Sometimes I just don't get people.


Antigonos said...

"My worry, of course, is that the Divine One is probably not thrilled with the attendee who arrives when the audience is filing out of the theater."

At least this woman is honest: a synagogue, to her, looks like a theater. Plush seats, the actors, oops, rabbi and choir, up on the stage, oops, performance art, Saturday services are pretty dull. I never experienced honest davvening until I made aliyah [and even here, not always]. No rabbi [just a shaliach tzibur] or choir; the congregants all know all the prayers and many will even correct the person "leining". No sermon [a Protestant innovation; traditionally a rabbi preached twice a year, on Shabbat Shuvah and Shabbat Hagadol, and this latter was only a review of halachot of Pesach], two hours from start to finish -- and generally, no Kiddush afterwards since most shuls in Israel don't have "social halls". Just businesslike davvening. Very refreshing.

cipher said...


I saw that article when it was posted a few months ago. I also went to her website, and I actually liked some of her offerings. I'm not at all observant, and I'm at a point in life at which people of conservative faith piss me off (hence my comments on Failed Messiah), so I was leaning toward the approval side of the fence. I didn't leave a comment to that effect, although I did respond to one frummie who left this:

Read Rabbi Avi Shafran's article before making such a momentous and against halacha decision.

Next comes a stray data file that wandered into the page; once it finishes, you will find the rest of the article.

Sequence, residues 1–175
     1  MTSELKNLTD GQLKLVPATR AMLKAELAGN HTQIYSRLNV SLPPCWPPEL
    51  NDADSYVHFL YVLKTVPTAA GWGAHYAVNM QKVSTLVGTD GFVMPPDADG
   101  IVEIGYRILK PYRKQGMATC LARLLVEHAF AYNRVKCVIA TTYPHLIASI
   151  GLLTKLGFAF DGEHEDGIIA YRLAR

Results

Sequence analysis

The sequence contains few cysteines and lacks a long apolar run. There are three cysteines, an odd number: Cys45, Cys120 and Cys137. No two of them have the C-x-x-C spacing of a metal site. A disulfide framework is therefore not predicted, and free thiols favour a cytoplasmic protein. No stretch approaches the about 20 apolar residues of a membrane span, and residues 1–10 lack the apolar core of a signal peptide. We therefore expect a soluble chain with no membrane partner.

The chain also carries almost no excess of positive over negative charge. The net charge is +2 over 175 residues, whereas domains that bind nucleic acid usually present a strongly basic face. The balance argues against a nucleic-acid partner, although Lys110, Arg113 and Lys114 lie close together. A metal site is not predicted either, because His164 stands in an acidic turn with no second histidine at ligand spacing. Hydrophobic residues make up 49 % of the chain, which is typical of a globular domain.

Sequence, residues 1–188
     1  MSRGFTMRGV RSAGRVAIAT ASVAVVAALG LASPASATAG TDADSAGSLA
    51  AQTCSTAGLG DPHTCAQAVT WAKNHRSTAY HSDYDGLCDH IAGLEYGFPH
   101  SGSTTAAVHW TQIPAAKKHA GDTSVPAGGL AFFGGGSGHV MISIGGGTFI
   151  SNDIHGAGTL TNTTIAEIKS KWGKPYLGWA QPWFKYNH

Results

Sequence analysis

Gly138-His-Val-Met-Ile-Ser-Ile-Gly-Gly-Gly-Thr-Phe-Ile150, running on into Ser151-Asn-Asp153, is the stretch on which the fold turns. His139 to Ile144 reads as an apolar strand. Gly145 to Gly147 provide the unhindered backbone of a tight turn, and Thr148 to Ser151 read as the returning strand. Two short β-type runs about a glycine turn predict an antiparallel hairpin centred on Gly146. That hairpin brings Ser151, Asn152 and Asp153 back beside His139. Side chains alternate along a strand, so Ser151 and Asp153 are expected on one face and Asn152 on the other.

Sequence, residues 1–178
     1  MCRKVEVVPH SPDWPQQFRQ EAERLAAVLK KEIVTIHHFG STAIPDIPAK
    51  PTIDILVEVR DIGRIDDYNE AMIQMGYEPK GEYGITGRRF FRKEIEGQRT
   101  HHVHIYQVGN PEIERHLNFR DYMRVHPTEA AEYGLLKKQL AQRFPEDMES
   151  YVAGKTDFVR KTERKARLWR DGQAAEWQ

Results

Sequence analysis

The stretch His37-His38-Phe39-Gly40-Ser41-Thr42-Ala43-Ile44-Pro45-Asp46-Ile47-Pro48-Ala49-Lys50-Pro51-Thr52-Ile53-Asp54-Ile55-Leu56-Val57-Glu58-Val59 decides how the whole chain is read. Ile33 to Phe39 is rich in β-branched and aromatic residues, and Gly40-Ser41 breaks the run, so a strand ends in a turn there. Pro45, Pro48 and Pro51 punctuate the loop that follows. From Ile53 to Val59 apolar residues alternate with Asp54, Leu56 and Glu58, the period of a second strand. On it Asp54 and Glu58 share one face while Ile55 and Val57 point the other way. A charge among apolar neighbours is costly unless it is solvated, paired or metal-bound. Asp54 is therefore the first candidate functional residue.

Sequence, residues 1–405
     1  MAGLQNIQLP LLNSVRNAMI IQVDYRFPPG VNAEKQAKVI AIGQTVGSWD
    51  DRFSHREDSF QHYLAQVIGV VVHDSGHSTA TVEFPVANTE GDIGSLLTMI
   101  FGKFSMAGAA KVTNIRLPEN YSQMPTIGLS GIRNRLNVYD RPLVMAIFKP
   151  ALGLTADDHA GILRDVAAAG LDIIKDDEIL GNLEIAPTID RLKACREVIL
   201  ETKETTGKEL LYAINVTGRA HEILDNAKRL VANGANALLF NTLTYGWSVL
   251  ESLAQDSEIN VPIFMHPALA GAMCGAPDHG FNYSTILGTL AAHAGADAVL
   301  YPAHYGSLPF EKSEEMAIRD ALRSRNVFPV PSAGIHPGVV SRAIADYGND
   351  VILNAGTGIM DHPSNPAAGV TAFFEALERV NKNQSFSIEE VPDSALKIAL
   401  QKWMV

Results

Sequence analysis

With this:

If Avi Shafran is against something, that's a good reason to be for it.

However, after reading this post, even though I still have mixed feelings, I think I'm leaning toward agreeing with you, especially as A) It's a little creepy; B) You're right; the whole thing did really seem to be just an ad for her home business. This is what the Forward has come to? At any rate, I deleted my comment (although I meant what I said; I have no use for Shafran or the organization for which he does damage control).

Re: the other woman - I just read the article. I don't know. It's hard to find connection today. If she's a dues-paying member, and this is what she gets out of it, I don't think we're in a position to judge. So she treats it as though it were the JCC. If, on the other hand, she isn't a member and just goes for the free food and to hang out (and she isn't poor and hungry, as this woman apparently isn't) - that's another matter.


Friar Yid said...

Hi Jeff,

Thanks for dropping by. You make excellent points. In both cases, it's somewhat awkward for me to feel like I'm being a cranky traditionalist and judging someone for "doing it wrong," given how ecclectic and non-halakhic my family's own practice is. While I have no problem criticizing professional blowhards, going after a random person who's found something that works for them, even if it's not for me, is a delicate subject. I think my biggest issue here is tone and content.

I've written about my thoughts regarding Jews and cremation before-- and basically concluded that while it's definitely not my cup of tea, excoriating Jews who opt for it is out of line (particularly when invoking the Holocaust). As I suspect is the case with you, I don't think a rabbi's job is to do my thinking for me-- regardless of what denomination they come from. That said, something about this piece definitely rubbed me the wrong way, and I think part of it was the idea of taking what for most people is, at worst, a traumatic, and at best, a fairly somber occaison, and deciding, "You know what this needs? More 'cute'!" Part of it is obviously personal preference and taste, but the general tone just seemed so vapid, as well as verging on self-congratulatory. I'd much rather hear from someone who had cremated a family member and explained why, or what that felt like, or something. That at least would have had some emotional or intellectual core to it, instead of, "Check it out! Aren't I so creative and taboo? Buy one!"